Iraq War Doctor: Assault Weapons Are ‘Human-Killing Machines’
With the Senate Judiciary Committee set to vote Thursday on advancing Sen. Dianne Feinstein’s Assault Weapons Ban of 2013 to the full chamber, The National Memo interviewed Dr. Manan Trivedi, an Iraq war veteran, about the medical perspective on assault weapons from someone who has seen and treated firsthand the devastating human consequences of these lethal weapons.
Dr. Trivedi is a board-certified internal medicine physician and former Navy Lieutenant Commander who was the medical team commander for the first ground troops to cross the line and enter Iraq in 2003. He was twice the Democratic nominee for Congress in Pennsylvania’s 6th congressional district.
Through the progressive Truman National Security Project and Americans United for Change, Dr. Trivedi is advocating for an assault weapons ban by sharing his own experiences as a physician on the front lines of Iraq and South Central Los Angeles.
How did you get involved in wanting to make your views on assault weapons public through the media?
Throughout my career I’ve seen the effects of assault weapons in the military and in the civilian sector. Frankly, I think politically that there are a lot of folks who lack the courage to do anything about it. But if you’ve seen the things that I’ve seen, I don’t think it would be that hard to recognize that we need an assault weapons ban.
How has your experience in military medicine on the front lines of Iraq treating soldiers wounded by military weapons shaped your views on the current debate going on in the United States surrounding assault weapons and high-capacity magazines?
I think it’s shaped my views significantly. It’s one thing to say we need an assault weapons ban because you think it’s wrong or you don’t think they’re appropriate for people to have, but it’s another thing to say it because you’ve seen the devastating effects they can have on humans.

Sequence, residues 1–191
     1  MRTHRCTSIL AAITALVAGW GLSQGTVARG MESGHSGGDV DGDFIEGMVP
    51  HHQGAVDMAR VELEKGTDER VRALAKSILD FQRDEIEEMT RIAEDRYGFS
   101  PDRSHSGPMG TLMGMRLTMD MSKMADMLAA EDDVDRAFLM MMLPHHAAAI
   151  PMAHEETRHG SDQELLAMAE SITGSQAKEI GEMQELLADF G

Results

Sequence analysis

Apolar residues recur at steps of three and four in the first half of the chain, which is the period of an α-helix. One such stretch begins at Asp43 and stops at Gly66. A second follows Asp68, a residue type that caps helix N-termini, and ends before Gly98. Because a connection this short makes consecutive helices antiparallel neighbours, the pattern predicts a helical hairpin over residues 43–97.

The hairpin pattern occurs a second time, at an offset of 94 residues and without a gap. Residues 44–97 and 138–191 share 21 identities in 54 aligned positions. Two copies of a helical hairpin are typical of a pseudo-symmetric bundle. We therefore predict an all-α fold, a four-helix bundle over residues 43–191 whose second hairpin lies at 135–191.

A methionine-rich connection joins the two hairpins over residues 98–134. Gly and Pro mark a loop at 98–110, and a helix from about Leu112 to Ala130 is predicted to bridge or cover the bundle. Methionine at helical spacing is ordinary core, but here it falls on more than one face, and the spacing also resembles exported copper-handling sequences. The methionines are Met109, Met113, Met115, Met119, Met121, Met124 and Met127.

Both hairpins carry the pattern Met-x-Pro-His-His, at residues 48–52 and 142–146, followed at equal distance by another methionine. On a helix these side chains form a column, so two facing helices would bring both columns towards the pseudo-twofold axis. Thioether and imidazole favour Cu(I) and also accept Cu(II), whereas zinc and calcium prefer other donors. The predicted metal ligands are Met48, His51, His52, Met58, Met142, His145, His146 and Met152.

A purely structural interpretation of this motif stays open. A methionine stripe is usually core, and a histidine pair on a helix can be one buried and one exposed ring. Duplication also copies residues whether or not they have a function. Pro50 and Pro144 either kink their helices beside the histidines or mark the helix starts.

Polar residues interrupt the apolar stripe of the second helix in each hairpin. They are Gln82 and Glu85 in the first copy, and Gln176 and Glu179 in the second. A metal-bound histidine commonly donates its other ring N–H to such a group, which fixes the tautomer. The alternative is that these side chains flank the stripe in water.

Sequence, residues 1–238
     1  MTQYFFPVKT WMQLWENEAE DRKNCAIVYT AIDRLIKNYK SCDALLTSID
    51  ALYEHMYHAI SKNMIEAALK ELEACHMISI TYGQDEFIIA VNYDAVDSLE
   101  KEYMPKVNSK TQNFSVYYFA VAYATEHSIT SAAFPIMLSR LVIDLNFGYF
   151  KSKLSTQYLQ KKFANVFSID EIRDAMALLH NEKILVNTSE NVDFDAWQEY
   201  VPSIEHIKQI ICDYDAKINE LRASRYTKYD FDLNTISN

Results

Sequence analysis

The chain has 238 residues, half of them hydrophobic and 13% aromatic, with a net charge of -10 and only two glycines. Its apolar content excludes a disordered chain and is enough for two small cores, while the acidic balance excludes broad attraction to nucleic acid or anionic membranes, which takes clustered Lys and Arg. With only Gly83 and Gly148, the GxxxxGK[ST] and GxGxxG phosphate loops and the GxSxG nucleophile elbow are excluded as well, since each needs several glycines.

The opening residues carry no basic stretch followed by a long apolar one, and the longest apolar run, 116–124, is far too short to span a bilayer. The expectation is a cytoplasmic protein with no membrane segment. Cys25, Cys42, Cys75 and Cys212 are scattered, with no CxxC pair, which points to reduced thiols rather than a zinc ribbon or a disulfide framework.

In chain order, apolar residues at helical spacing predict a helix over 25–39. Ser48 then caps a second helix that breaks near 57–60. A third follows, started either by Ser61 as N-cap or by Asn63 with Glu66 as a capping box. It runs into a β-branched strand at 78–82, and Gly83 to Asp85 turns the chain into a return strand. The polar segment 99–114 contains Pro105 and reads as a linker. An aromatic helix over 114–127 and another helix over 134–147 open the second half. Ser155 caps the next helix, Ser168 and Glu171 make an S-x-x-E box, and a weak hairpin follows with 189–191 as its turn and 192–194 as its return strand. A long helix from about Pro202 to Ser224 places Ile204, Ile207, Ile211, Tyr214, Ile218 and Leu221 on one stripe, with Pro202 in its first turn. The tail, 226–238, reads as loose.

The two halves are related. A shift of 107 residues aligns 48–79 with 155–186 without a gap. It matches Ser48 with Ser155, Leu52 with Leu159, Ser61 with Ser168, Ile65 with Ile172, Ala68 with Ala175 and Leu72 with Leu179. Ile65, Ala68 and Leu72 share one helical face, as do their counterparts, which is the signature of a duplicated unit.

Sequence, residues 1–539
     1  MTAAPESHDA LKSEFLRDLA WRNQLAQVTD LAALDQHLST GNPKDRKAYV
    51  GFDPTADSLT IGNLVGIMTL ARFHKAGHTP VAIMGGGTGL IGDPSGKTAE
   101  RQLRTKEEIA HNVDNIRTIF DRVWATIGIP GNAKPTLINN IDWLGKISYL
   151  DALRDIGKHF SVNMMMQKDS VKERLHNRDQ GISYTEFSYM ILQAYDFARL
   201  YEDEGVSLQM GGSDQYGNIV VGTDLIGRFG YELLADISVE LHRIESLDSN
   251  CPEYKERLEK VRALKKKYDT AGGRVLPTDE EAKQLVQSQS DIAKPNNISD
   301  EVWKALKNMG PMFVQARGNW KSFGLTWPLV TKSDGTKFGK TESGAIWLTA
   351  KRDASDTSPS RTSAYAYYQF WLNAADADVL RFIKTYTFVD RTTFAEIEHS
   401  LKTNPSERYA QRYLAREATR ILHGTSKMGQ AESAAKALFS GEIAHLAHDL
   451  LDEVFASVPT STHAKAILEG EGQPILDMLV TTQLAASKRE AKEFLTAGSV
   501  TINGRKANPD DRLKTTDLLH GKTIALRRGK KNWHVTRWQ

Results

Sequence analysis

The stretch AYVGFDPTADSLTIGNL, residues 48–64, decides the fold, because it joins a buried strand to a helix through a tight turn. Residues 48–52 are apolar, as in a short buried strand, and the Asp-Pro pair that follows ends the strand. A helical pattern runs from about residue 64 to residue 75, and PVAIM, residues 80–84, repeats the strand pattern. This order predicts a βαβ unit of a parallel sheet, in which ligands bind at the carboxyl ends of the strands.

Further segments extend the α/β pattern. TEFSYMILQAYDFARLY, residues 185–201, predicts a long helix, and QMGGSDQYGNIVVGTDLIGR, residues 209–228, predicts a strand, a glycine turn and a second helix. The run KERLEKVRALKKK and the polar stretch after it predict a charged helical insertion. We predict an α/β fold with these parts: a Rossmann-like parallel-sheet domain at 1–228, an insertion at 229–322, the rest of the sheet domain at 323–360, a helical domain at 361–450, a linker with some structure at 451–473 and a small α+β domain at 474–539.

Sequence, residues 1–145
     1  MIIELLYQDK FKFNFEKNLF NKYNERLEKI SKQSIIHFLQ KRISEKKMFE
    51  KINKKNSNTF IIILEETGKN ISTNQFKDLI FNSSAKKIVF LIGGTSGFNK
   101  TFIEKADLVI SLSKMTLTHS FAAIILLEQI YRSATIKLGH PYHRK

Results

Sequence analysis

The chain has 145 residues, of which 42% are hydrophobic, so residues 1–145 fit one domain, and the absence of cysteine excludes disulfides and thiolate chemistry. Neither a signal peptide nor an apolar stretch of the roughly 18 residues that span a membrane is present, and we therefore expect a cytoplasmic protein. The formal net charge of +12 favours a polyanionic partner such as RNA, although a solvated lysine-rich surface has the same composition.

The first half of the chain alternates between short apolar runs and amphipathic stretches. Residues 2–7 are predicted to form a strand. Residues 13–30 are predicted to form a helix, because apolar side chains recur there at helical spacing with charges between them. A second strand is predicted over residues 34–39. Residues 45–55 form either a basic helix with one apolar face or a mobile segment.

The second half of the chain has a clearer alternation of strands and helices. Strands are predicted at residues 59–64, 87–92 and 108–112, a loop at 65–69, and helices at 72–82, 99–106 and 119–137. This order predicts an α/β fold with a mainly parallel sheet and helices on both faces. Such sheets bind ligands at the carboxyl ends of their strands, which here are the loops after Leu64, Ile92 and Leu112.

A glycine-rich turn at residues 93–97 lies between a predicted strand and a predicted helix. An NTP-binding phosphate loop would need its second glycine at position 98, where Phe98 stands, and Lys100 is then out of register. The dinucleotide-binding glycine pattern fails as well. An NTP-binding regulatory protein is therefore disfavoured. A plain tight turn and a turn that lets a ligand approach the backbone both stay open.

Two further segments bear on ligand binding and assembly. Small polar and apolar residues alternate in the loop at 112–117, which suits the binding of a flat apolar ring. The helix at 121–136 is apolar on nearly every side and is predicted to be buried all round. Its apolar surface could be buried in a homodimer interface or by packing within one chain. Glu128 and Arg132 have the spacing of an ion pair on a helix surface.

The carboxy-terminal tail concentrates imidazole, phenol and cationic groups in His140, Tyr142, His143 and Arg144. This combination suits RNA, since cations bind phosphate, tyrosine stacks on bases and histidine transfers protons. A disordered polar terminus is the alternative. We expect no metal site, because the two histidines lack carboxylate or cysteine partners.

These things are human-killing machines, and I’ve seen it in Iraq. I’ve seen it with soldiers I’ve treated. I’ve seen it with enemies. And I’ve seen it in the civilian sector, too. I was in training for going to Iraq by helping run the trauma service in South Central Los Angeles. I was there for many gunshot victim trauma runs. I also was an EMT before I went to med school. So throughout my career in all stages I’ve seen the effects. And when you see that and try to treat it firsthand, it has a major effect and makes a major imprint on your mind.
Can you explain to readers the types of trauma injuries you treated and witnessed either in the war zones of Iraq or in South Central as a result of these types of weapons? How is it different from injuries caused by a shotgun or handgun?
Assault weapons, particularly, are just devastating. These things, in a spray of bullets, can amputate legs, whereas a gunshot couldn’t do that. The other thing is the munitions, the bullets, are made to kill humans so the entry wound might be really small, but then the exit wound is massive because they are made to mushroom and blow up as soon as they hit bone or flesh. So I’ve seen amputated legs from assault weapons. I’ve seen bodies cut in two or three because of these .50 calibers. That was mostly in Iraq, but I saw it a couple of times in South Central and it’s almost as if they knew what a surgeon would have to do to try to fix this; how to make it impossible. With a knife or a stab wound, you can stitch it up. You can figure out what to put together. But when there’s nothing to put stitches in, no flesh to get a hold of, which is what these assault weapons do, it makes it impossible to try to mend them back together.